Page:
Inside an autonomous truck chassis

Inside an autonomous truck chassis

Let's pop the hood and actually see the redundancy that's required to make autonomous trucks possible.

If the aim in creating a self-driving truck is to improve truck operation safety, then it begs the question: What if a safety critical component fails? Think: electrical system failures that impact brake operation or steering controller and motors. Today’s Level 2 advanced driver assistance systems (ADAS) already support braking and steering operation, offering a glimpse at the first step toward self-driving Level 4 autonomy, but what does equipment redundancy in Level 4 autonomous trucks really mean? Are there two sets of brake pads and rotors if the truck has disc brakes? What about steering motors–are there two of those?

Suman Narayanan, director of engineering for Daimler Truck North America (DTNA), was kind enough to take some time to put up with all of my questions and pop the hood of an autonomous chassis Freightliner Cascadia so that we can actually see the redundancy put in place with the autonomous chassis that it’s delivering to both Torc Robotics and Waymo.

“If you think about it, the primary role of a driver goes beyond just controlling the vehicle in the lateral and longitudinal direction,” Narayanan explained. “Those are very key elements for safety, so we have redundancy in terms of braking system and also we have redundancy in terms of steering system…. Today, a human driver is using his or her muscle power to make sure that they can control the vehicle [steering] without hydraulic support, for example. Now let’s look at a world without a human driver behind the controls—you need to have the same capabilities in these vehicles.”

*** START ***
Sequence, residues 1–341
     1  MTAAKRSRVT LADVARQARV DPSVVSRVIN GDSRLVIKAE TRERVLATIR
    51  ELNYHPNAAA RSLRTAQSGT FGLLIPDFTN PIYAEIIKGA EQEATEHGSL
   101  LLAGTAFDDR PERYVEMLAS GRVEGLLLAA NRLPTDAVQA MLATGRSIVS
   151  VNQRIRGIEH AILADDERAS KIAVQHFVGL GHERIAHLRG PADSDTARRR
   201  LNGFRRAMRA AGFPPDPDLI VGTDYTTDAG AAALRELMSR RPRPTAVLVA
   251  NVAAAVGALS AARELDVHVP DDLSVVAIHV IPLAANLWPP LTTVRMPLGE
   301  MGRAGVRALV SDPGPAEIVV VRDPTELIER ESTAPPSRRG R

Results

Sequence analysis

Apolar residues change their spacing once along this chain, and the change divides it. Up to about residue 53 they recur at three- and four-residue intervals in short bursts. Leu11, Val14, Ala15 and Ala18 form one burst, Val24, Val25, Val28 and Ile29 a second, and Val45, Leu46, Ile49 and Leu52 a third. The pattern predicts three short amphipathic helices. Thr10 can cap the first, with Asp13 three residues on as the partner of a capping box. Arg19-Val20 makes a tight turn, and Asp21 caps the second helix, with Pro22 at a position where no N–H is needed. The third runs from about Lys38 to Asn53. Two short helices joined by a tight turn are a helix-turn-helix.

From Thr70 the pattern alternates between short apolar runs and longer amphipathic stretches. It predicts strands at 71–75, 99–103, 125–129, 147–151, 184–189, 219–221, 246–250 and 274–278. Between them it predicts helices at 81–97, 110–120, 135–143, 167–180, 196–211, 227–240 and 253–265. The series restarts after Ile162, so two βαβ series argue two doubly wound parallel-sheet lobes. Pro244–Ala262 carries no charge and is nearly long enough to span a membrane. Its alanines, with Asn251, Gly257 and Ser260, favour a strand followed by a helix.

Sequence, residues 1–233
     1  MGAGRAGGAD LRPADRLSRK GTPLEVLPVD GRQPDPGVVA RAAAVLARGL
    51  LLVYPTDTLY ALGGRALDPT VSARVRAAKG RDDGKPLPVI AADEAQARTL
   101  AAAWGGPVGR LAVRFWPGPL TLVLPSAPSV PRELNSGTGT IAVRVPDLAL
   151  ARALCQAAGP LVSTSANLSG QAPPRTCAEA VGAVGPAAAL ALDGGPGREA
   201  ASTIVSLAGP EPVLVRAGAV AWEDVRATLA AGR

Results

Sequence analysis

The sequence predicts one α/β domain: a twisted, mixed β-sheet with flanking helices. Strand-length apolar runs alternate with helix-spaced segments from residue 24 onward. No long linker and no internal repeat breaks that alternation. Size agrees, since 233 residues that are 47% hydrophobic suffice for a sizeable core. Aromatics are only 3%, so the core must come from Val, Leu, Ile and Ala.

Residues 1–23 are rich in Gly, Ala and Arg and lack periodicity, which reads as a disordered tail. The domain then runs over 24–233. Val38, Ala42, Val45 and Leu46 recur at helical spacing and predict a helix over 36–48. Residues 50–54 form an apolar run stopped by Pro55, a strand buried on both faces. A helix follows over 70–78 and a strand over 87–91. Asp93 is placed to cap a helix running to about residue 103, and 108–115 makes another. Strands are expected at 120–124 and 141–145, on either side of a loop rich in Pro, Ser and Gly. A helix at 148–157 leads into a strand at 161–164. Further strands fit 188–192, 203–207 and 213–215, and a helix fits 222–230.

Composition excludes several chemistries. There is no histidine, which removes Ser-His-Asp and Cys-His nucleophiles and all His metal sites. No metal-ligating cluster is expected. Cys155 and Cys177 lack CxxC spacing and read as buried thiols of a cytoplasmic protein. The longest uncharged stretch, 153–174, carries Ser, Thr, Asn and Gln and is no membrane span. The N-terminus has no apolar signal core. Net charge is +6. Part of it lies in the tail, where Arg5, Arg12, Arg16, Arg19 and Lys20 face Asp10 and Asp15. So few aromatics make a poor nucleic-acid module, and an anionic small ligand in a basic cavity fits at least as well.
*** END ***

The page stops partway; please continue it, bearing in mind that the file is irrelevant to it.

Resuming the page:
Watch the video above for an eye-opening look at a Level 4 autonomous truck chassis.

What are the automated driving levels again?

Level 2, Level 4–what happened to Level 3–and what’s Level 5?

Here are the SAE automated driving levels relevant to today:

  • Level 2—Partial Driving Automation: Characterized by both the lateral and longitudinal vehicle motion control subtasks of the dynamic driving task (DDT) the expectation that the driver completes the object and event detection and response (OEDR) subtask and supervises the driving automation system.
  • Level 3—Conditional Driving Automation: The sustained and ODD-specific performance by an automated driving system of the entire DDT with the expectation that the human driver will be ready to respond to a request to intervene when issued by the ADS.
  • Level 4—High Driving Automation: Sustained and ODD-specific ADS performance of the entire DDT is carried out without any expectation that a user will respond to a request to intervene.

The general consensus in the commercial vehicle industry is that technology will leapfrog Level 3 because it tends to put drivers into a challenging position of having to take over in the middle of a complicated, safety-related event. In a Level 2 system, the driver is still responsible for the safe operation of that vehicle. In Level 4, that responsibility falls onto the vehicle system even with a driver in the vehicle, when it’s in Level 4 autonomous operation mode.

Building the autonomous truck business case

It’s not just about the equipment capabilities—it’s also about the business case for autonomous trucks. Is there after-sales support? What applications is this technology aimed at? Where’s the ROI coming from?

For it’s part, DTNA has started sharing its answers. Check it out:

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No script? No plan? No problem. Welcome to Fleet Equipment Unscripted—the video interview series that connects you with the greatest minds in the heavy-duty trucking world. Fleet Equipment Unscripted is sponsored by Hendrickson.

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